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Picture of French Orientalism

French Orientalism

Culture, Politics, and the Imagined Other

Editor(s): Desmond Hosford and Chong J. Wojtkowski
Subject: French Studies

Book Description

In 1798, Napoléon I launched his Egyptian Campaign and opened what has become recognized as the canonic period of French Orientalism, which extends from the late eighteenth through the early twentieth century. As defined by Edward W. Said (Orientalism, 1978), Orientalism is intrinsically Eurocentric and places the Orient in opposition to the European West as the quintessentially foreign Other. In this sense, the Occident supposedly defines itself by gazing at the East as its inverse image and purportedly asserts a geopolitical dominance materially confirmed through imperialism and colonization. Although Europe may cast the Orient as the archetypal Other, this necessarily entails deep conflict since the Orient is also frequently posited as the source of Western civilization, which prohibits the articulation of a complete separation between Europe and the Orient. Nevertheless, according to French Orientalist discourse, the East had fallen into barbarism, inertia, and languished, awaiting the mission civilisatrice by which France undertook a heroic project of universal enlightenment.

The canonic approach to Orientalism has drawn much criticism, which calls for re-examining the notion of French Orientalism, broadening the scope of enquiry, and exploring the history and ideological strategies behind French formulations of the Orient from the Middle Ages through the twenty-first century. Such an expanded field of investigation reveals that the canonic Orientalist paradigm is not universally applicable, particularly regarding material from before the late eighteenth century. New theoretical, literary, historical, philosophical, and cultural perspectives provide the opportunity to deploy, question, subvert, and resituate canonic Orientalist theories, revealing the continuing evolution and relevance of French Orientalism as a notion with global stakes and material consequences. Because of its broad scope and variety of theoretical approaches, this volume will interest scholars and students from a wide spectrum of disciplines, including literature, gender studies, history, theater, art history, music, cinema, and cultural studies.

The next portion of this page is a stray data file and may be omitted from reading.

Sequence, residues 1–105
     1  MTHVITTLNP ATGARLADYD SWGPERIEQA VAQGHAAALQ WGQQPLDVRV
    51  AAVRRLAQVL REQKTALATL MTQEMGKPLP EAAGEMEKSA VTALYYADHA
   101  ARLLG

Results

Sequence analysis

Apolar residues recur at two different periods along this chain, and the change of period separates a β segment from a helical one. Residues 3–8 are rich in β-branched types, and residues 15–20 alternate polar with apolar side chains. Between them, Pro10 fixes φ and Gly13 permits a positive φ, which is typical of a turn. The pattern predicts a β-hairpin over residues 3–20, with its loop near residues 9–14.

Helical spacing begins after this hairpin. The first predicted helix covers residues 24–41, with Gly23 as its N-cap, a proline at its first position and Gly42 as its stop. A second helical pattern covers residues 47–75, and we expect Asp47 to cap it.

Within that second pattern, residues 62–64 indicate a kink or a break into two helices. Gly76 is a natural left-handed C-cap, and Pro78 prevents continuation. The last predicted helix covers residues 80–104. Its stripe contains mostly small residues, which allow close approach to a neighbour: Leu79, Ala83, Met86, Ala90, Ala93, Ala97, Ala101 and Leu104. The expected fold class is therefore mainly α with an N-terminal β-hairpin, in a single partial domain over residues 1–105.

Hardback

ISBN-13: 978-1-4438-2318-0
ISBN-10: 1-4438-2318-X
Date of Publication: 01/09/2010
Pages / Size: 275 / A5
Price: £39.99
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Biography

Desmond Hosford is a PhD candidate in French at The Graduate Center of The City University of New York, where he also earned his PhD in musicology. He is Director of the Foundation for French and Francophone Musical Culture of the Barry S. Brook Center for Music Research and Documentation at the Graduate Center of The City University of New York, Editor at the Répertoire International de Littérature Musicale, and Adjunct Assistant Professor in French at Hunter College. Desmond specializes in seventeenth- and eighteenth-century tragedy, tragédie en musique, the Bourbon court of France, early modern gender and sexuality, and animal philosophy. He is co-editor of Fortune and Fatality: Performing the Tragic in Early Modern France (Cambridge Scholars Publishing, 2008).

Chong J. Wojtkowski is a PhD candidate in French at the Graduate Center of The City University of New York where she specializes in contemporary French cinema, music, and urban culture. She held a graduate teaching fellowship at Hunter College, where she is Adjunct Lecturer in French. Chong is the advisory board member for French popular music at the Foundation for French and Francophone Musical Culture of the Barry S. Brook Center for Music Research and Documentation at the Graduate Center of The City University of New York.